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Vulnerable Witnesses Bill passes final Holyrood stage
The bill to enable more child witnesses to pre-record evidence ahead of jury trials has been passed unanimously by the Scottish Parliament.
MSPs gave their approval after stage 3 of the Vulnerable Witnesses (Criminal Evidence) (Scotland) Bill, which is expected to benefit hundreds of children each year once it comes into force. Pre-recording of evidence at an early stage is expected to minimise distress and improve the quality of the evidence given.
The offences covered include murder, culpable homicide, assault to the danger of life, abduction, plagium, sexual offences, human trafficking, domestic abuse and female genital mutilation. The bill also contains the power to extend its application to adult vulnerable witnesses.
Community Safety Minister Ash Denham commented: "This is a milestone in Scotland’s journey to protect children as they interact with the justice system, and a key part of our wider work to strengthen support for victims and witnesses.
"Children who have witnessed the most traumatic crimes must be able to start on the path to recovery at the earliest possible stage and these changes will allow that, improving the experiences of the most vulnerable child witnesses, as far fewer will have to give evidence in front of a jury.
"We are committed to ensuring these significant reforms are implemented in a considered, effective way and we have already provided the Scottish Courts & Tribunals Service with more than £2m to upgrade technology and create hearings suites that will support child and vulnerable witnesses to give their best evidence."
Welcoming the bill, SCTS chief executive Eric McQueen said: "This bill builds on our review of evidence and procedure which highlighted the need to transform the way in which we capture the evidence of children and vulnerable witnesses.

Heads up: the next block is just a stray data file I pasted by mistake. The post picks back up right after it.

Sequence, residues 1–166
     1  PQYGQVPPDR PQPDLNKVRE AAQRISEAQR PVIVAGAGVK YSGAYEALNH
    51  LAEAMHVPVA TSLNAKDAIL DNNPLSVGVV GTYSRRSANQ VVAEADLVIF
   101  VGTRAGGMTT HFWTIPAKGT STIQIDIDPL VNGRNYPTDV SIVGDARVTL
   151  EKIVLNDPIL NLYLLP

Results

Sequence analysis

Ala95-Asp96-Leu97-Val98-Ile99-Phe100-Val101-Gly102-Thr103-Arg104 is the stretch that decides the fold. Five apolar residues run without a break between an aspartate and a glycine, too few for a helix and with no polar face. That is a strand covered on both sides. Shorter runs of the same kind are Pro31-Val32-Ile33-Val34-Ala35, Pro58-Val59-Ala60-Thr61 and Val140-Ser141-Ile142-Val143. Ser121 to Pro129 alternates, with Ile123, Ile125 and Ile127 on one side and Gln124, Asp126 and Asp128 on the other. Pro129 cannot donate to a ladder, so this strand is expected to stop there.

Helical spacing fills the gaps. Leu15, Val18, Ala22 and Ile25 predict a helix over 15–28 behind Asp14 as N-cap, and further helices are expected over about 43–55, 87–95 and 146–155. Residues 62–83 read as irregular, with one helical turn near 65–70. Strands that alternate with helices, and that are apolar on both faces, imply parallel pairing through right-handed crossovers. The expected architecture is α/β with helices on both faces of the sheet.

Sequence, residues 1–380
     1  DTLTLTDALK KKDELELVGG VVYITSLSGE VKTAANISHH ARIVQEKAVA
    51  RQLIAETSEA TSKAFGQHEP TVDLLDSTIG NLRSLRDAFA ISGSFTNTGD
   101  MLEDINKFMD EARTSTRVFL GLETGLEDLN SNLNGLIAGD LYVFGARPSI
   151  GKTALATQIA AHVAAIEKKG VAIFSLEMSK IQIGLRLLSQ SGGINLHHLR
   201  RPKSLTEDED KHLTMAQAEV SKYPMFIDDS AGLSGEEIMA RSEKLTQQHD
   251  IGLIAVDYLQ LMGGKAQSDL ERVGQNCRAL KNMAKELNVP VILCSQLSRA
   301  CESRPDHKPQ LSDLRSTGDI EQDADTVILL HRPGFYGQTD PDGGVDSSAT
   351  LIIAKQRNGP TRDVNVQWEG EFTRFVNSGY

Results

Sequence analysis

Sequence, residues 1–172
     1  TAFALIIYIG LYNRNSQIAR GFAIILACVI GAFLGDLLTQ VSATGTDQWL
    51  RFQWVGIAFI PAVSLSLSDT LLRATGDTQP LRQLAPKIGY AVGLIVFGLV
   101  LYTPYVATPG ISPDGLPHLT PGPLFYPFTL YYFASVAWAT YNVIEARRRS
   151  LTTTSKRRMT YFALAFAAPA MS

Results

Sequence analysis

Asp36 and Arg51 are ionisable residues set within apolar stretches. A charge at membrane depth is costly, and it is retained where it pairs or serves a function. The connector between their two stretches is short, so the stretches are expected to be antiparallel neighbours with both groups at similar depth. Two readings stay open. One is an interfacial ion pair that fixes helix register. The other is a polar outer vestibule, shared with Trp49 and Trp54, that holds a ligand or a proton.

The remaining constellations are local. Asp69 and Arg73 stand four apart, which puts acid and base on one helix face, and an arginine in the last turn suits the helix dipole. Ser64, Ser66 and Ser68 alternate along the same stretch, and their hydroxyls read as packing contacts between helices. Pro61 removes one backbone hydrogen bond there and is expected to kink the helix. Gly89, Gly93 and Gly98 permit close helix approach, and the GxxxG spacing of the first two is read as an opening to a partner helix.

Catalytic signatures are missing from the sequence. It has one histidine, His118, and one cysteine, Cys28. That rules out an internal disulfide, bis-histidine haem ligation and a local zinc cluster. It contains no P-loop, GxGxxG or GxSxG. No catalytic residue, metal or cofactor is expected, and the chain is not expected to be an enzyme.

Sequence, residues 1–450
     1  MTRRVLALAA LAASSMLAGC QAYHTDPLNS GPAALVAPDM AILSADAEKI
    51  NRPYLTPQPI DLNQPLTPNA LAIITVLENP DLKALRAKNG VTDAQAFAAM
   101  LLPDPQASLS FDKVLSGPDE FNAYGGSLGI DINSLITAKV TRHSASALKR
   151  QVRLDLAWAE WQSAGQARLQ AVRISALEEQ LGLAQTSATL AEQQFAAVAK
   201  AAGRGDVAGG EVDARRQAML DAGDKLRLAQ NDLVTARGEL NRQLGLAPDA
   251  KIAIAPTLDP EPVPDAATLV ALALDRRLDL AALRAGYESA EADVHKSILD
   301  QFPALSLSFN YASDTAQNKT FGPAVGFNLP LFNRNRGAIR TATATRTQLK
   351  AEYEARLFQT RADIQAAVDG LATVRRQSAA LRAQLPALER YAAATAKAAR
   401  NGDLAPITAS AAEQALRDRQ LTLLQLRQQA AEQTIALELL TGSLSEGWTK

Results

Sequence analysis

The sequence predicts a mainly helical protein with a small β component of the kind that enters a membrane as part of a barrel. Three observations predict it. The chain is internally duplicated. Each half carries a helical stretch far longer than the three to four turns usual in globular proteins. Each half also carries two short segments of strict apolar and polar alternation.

"At the heart of the review’s recommendations was the greater use of pre-recorded evidence to avoid re-traumatising a vulnerable witness and to ensure they could give the most accurate, reliable and comprehensive evidence and be tested on it fairly."
Children 1st is to receive additional Government funding to support staff who will ensure the voice of children informs the Government’s approach to justice. Chief executive Mary Glasgow added: "Today’s legislation will help to drive a transformative shift in how Scotland’s justice system treats children. The passage of the bill has been pivotal in uniting the Scottish Government and Parliament around the vision that when children speak out justice is done quickly and fairly and children are supported to recover from distressing and traumatic experiences.
"The cross-party recognition that this is best achieved by developing a Scottish Barnahus or Child’s House is a tremendous step forward. Children 1st welcome the commitment and funding from the Scottish Government to support children’s voices to drive this change and transform the system for every child witness in Scotland."